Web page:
- Moody, Dwight L.
- (183 7 - 1899)widely popular and influential evangelist and revivalistDwight Lyman Moody was born in Northfield, Massachusetts, on February 5, 1837, one of nine children. At the age of five, he was baptized in the local Unitarian church. He received only an elementary school education.In 1854, Moody moved to Boston, where he attended a Congregational church. He was converted to Christianity by his Sunday school teacher and the next year joined the church. Moving to Chicago in 1856, he participated in various community activities, using several different churches as his base. He began his own Sunday school in 1858.In 1860, Moody left his day job to go into the ministry full-time, and in 1861 became a city missionary for the Young Men's Christian Association. He was soon plunged into counseling with Union soldiers in the American Civil War. Meanwhile, his Sunday school grew into a church with its own building in 1863, which Moody served as a deacon. In 1867, Moody, then president of the Chicago YMCA, built the first YMCA structure in America, and also held his first evangelistic preaching campaign in Philadelphia.In 1869, on his first trip outside the United States, Moody met Henry Morehouse, a leader among the Plymouth Brethren who later introduced him to dispensationalism, which Moody would help spread beyond the Brethren. In 1870, Ira D. Sankey (1840-1908) joined Moody in Chicago as music leader for his preaching services; Sankey helped develop the field of gospel music. Their future careers would be inseparable.The great urban evangelistic campaigns that made Moody and Sankey famous across America actually began in the British Isles in 1873, at a meeting at the YMCA in York, England. Similar efforts followed in Sunderland, Newcastle (where Sankey introduced the first of his series of gospel song-books), Edinburgh, Dundee, and Glasgow. In Edinburgh, he met biologist Henry Drummond, who was greatly inspired by Moody's messages. After two more years of revivals in Ireland and England, the pair returned to the United States, where Moody preached in Brooklyn, New York, and Philadelphia before returning to Chicago in 1876 to help dedicate his rebuilt church, burned in the fire of 1871.Moody now traveled a great deal across America and England. He always drew large crowds and each campaign reported hundreds of converts, while hundreds of other nominal Christians testified to being energized and motivated to an active Christian life. During summers at his old home in Northfield, Massachusetts, he founded several schools, including Northfield Seminary (now Northfield School for Girls) in 1879 and the Mount Hermon Massachusetts School for Boys in 1881. Later in the decade, he formed the Chicago Evangelization Society, which evolved into Moody Bible Institute.Also at Northfield, in 1880 he began holding summer Bible conferences, which hosted pioneering student conferences. The college students Moody brought to Northfield created the Student Volunteer Movement in 1887.Moody's last campaign was held in Kansas City, Missouri, in 1899. He died in Northfield on December 22. His funeral service was led by C. I. Scofield, then the local Congregational pastor but soon to become an influential promoter of dispen-sationalism via the notes he included in his famous reference Bible.Moody left behind an institutional legacy in Chicago and Northfield that continues to the present, and influenced a number of people who went on to become Protestant leaders in their own right, from Fanny Crosby to John R. Mott. Moody created the model followed by 20th-century evangelists from Billy Sunday to Billy Graham. Ira Sankey survived Moody and spent the last years of his life as the president of Biglow and Main, a large music publishing firm.Further reading:■ Gamaliel Bradford, D. L. Moody: A Worker in Souls (New York: George H. Doran, 1927)■ James E Findlay Jr., Dwight L. Moody, American Evangelist: 1837-1899 (Chicago: University of Chicago Press, 1969)■ Dwight L. Moody, New Sermons, Addresses, and Prayers (Cincinnati: Henry S. Good-speed, 1877); , The Overcoming Life and Other Sermons (New York: F H. Revell, 1896)■ Wilbur M. Smith, Dwight Lyman Moody: An Annotated Bibliography (Chicago: Moody, 1948).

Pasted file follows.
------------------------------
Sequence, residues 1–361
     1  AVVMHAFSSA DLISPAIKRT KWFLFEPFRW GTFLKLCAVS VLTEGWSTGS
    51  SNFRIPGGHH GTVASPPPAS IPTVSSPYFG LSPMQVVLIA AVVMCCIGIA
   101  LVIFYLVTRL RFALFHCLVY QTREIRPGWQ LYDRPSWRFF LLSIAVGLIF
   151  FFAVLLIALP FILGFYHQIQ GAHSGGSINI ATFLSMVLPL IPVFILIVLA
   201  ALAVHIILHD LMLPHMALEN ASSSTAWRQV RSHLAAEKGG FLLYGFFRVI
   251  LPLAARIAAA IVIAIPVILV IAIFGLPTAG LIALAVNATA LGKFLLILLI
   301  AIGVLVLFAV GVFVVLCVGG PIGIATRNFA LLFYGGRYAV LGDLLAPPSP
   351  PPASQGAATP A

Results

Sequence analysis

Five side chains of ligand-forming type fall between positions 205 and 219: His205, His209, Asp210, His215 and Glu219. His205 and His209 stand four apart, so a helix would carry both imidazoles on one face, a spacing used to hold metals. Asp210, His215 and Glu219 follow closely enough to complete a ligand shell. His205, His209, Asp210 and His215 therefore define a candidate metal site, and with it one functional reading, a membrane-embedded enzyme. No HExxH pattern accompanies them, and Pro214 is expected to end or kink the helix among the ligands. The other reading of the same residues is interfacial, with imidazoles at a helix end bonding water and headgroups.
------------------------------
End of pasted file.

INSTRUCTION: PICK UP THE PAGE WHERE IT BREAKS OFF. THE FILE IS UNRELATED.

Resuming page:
Encyclopedia of Protestantism. Gordon Melton. 2005.